“I think it’s incredibly inspiring when you have community members who will come together and support students and keep students at the center of the work,” said Seidl, a school psychologist in the Madison School District.
Seidl expects the board will address the issue from a policy standpoint at Monday’s regularly scheduled meeting. She declined to speculate on the nature of any policy proposals, saying the agenda has not been set.
Before school on Wednesday morning, members of Mount Horeb High School’s Sexuality and Gender Alliance and about 200 supporters gathered around the school’s flagpole to read from “I Am Jazz.”
SAGA member Claire Jenkins praised the elementary student at the center of the debate during the reading outside the high school.
“This is a day to show a little girl that we support her,” Jenkins said.
Gov. Scott Walker’s administration has found another novel method to deny the public access to government records.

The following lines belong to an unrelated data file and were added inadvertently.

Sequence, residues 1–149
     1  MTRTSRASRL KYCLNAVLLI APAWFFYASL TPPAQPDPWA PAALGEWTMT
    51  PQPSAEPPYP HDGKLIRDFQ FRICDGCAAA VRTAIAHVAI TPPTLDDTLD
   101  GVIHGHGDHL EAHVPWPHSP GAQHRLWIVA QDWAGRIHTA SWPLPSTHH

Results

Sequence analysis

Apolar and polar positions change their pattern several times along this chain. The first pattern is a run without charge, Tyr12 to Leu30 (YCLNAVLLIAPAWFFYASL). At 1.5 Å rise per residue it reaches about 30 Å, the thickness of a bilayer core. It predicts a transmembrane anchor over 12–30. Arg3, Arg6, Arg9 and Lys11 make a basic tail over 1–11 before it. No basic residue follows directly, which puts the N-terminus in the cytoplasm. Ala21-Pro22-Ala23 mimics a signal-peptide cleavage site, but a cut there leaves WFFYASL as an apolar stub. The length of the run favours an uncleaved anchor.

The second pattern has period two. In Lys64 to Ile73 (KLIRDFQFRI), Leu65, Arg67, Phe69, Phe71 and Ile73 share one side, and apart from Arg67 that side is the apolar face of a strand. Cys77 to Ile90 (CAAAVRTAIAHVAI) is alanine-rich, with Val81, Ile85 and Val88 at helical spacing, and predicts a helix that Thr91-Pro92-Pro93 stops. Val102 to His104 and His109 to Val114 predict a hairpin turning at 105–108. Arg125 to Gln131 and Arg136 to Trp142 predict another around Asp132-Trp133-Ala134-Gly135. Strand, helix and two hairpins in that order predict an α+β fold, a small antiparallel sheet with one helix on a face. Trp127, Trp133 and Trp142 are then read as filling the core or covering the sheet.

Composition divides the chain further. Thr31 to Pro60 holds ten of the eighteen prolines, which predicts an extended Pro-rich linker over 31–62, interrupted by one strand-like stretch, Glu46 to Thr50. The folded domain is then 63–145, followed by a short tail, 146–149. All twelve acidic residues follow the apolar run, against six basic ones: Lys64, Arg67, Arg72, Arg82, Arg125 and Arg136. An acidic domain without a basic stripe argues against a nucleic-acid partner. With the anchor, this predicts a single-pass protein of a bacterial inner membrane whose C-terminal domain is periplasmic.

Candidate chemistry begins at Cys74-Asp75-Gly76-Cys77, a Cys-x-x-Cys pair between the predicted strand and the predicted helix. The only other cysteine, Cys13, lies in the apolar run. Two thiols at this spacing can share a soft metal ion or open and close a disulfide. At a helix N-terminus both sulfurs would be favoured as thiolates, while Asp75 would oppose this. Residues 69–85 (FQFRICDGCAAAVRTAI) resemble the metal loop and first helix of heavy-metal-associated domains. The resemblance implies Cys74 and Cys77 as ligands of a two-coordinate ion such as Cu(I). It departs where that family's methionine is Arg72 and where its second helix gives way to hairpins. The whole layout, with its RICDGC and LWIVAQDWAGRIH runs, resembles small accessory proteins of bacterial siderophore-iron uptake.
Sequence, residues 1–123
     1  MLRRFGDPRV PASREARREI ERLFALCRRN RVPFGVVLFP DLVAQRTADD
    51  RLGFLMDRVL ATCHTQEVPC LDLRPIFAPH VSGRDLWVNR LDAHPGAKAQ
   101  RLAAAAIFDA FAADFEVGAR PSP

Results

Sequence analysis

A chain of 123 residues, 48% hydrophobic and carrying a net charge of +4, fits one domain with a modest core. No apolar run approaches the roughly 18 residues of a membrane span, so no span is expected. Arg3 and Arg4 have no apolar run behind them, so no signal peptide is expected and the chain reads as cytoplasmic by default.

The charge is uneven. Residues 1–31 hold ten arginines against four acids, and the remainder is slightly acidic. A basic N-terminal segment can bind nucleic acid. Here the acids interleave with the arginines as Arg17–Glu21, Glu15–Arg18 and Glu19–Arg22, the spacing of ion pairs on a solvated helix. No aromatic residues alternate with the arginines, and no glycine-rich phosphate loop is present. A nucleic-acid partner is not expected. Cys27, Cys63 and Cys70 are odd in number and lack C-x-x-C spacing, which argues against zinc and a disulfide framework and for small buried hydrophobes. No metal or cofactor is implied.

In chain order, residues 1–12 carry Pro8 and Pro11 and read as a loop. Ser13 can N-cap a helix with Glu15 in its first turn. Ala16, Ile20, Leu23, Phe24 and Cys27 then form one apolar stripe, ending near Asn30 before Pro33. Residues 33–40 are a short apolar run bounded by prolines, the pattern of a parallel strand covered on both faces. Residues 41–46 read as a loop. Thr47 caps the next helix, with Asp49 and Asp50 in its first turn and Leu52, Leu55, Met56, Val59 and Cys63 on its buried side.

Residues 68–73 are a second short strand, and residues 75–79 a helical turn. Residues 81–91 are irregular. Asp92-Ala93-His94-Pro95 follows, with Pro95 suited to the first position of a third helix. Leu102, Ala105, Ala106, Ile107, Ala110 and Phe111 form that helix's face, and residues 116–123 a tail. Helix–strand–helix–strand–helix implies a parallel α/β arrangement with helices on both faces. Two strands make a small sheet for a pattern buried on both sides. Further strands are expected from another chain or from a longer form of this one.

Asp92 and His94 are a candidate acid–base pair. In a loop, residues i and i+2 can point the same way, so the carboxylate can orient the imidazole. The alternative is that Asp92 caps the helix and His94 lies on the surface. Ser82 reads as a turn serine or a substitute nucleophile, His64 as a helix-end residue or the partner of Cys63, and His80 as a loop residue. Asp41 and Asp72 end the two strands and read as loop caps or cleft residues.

In at least two recent cases, the administration says it doesn’t have to keep certain “transitory” records and therefore can’t release records it doesn’t have.
That judgment is based on the decisions of an obscure eight-member body appointed by the governor and other state officials to oversee state records retention policy.
But open government advocates and experts on the state’s Public Records Law dispute that interpretation of the policy for the records at issue, which include text messages between top administration officials related to a failed $500,000 state loan to a struggling Milwaukee construction company owned by a top Walker donor.
“If they’re not keeping text messages as a matter of course, that seems wrong to me,” said Christa Westerberg, a lawyer and vice president of the Wisconsin Freedom of Information Council. “If they’re texting about an applicant for a state-sponsored loan, that is in the state record. The fact that it’s a text message shouldn’t be the deciding factor. What’s being discussed should be.”